EIA lowers ethanol production forecast for 2019

By Erin Voegele | July 09, 2019

The U.S. Energy Information Administration has slightly lowered its forecast for 2019 ethanol production but is maintaining its outlook for 2020 production, according to the July edition of the EIA’s Short-Term Energy Outlook, which was released July 9.

The EIA currently predicts ethanol production will average approximately 1.03 million barrels per day this year, down from 1.05 million barrels per day last year. In June, the EIA predicted 2019 ethanol production would average 1.04 million barrels per day. The EIA attributed the decrease in its latest STEO report to low ethanol producer margins, limited domestic growth potential, and earlier production outages driven by significant flooding in the Midwest during March and April.

The EIA currently expects production to rebound to 1.05 million barrels per day next year. “Much of this ethanol continues to be destined for export markets,” the agency said, noting U.S. net exports averaged nearly 110,000 barrels per day last year and are forecast to fall to an average of approximately 90,000 barrels per day in 2019 and 2020. The EIA said the decrease is expected to be driven by lower U.S. ethanol production and market conditions that are less conducive to trade with Brazil.

The STEO also addresses the U.S. EPA’s recent action to allow year-round E15 sales. The EIA said its forecasts indicate the impact of year-round ethanol sales will be minor during the STEO forecast period. Ethanol consumption averaged approximately 938,000 barrels per day last year and is expected to increase to 942,000 barrels per day this year and 953,000 barrels per day in 2020. The projected increase in consumption through 2020 is primarily attributed to increasing motor gasoline consumption and limited E15 market penetration over the next 18 months, the agency said.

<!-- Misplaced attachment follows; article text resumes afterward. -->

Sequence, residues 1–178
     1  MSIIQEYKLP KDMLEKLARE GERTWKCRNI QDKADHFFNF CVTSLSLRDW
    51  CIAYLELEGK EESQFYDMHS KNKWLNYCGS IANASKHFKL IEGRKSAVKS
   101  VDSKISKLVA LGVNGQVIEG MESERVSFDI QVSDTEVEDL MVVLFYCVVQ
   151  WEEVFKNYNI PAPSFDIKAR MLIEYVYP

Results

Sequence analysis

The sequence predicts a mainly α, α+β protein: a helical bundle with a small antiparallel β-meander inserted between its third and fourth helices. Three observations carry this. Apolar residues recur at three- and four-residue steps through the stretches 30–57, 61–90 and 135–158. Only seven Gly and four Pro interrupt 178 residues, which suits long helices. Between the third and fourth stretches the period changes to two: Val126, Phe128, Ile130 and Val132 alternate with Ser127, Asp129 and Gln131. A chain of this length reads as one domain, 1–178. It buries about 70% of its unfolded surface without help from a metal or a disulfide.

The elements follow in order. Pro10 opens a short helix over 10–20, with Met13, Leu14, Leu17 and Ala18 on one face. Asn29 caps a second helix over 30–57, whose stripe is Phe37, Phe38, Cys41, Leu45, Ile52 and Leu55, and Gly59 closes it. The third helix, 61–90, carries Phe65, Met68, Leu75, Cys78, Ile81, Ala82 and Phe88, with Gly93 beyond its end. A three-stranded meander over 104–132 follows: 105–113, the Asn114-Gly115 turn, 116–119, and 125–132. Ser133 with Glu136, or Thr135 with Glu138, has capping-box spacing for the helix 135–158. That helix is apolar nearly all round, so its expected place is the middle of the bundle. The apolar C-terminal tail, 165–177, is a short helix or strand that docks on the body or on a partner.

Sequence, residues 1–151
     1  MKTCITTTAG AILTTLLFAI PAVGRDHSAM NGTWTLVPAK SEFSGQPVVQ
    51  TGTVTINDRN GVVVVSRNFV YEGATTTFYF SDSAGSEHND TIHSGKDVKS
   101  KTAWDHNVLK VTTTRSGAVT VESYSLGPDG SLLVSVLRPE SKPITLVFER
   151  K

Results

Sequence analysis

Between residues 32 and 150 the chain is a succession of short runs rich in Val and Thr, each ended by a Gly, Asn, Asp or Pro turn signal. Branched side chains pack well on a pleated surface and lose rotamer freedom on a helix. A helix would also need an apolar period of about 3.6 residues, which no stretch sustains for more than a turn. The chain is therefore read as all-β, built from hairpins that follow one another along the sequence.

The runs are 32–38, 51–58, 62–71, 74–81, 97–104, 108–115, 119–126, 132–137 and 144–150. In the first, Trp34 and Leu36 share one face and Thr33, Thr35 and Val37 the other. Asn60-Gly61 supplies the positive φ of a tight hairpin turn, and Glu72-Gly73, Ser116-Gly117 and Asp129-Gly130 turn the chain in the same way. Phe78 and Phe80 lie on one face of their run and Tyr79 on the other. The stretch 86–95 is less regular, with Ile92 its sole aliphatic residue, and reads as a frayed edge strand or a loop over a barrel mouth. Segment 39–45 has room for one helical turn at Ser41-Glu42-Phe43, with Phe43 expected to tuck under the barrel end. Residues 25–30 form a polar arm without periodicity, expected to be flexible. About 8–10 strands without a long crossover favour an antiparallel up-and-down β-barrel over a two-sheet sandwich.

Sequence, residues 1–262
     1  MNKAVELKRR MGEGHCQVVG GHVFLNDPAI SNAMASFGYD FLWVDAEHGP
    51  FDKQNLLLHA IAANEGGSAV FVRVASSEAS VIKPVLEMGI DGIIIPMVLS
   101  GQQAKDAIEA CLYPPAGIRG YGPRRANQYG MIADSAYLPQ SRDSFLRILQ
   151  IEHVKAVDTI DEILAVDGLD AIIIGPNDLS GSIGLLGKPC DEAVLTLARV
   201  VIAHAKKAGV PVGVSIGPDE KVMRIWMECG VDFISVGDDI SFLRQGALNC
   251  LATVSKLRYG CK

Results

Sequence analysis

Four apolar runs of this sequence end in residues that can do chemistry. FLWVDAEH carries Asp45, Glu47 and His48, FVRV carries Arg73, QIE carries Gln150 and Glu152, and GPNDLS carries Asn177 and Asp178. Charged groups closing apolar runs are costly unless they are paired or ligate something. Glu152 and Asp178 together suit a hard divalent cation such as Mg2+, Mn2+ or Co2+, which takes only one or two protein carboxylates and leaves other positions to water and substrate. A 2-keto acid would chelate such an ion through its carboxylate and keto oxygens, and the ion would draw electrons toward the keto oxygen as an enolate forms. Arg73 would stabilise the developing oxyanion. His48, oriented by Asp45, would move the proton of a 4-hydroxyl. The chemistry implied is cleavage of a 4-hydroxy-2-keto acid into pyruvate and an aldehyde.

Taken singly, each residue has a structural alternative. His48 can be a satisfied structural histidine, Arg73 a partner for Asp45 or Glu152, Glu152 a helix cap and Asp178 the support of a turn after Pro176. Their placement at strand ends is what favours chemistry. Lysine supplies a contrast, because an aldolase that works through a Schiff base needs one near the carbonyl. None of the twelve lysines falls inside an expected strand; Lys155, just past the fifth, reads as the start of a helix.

The forecasted level of consumption would result in the ethanol share of the total gasoline pool increasing from 10.1 percent in 2018 to 10.2 percent in 2020. “This forecast ethanol share assumes that growth in higher-level ethanol blends is limited in the near-term by recent small refinery exemptions that reduced volumes for renewable fuel required under the [Renewable Fuel Standard] and ongoing hurdles related to retail infrastructure and consumer demand,” the EIA said in the STEO.

The EIA predicts biomass-based to be affected by current RFS targets and recent duties placed on biodiesel imports. Biodiesel production averaged 119,000 barrels per day last year, and is expected to increase to 130,000 barrels per day this year and 145,000 barrels per day in 2020. Largely due to duties imposed on foreign biodiesel imports from Argentina and Indonesia in late 2017, the EIA said net imports of biomass-based diesel fell for the second consecutive year to an average of 15,000 barrels per day in 2018. Imports are expected to remain near that level this year and in 2020.

The EIA’s most recent weekly data shows ethanol production averaged 1.081 million barrels per day the week ending June 28, up from 1.072 million barrels per day the previous week.

The agency’s most recent monthly data shows the U.S. imported 313,000 barrels of ethanol in April, all from Brazil. The U.S. exported 3.578 million barrels of ethanol in April, primarily to Brazil, India and Canada.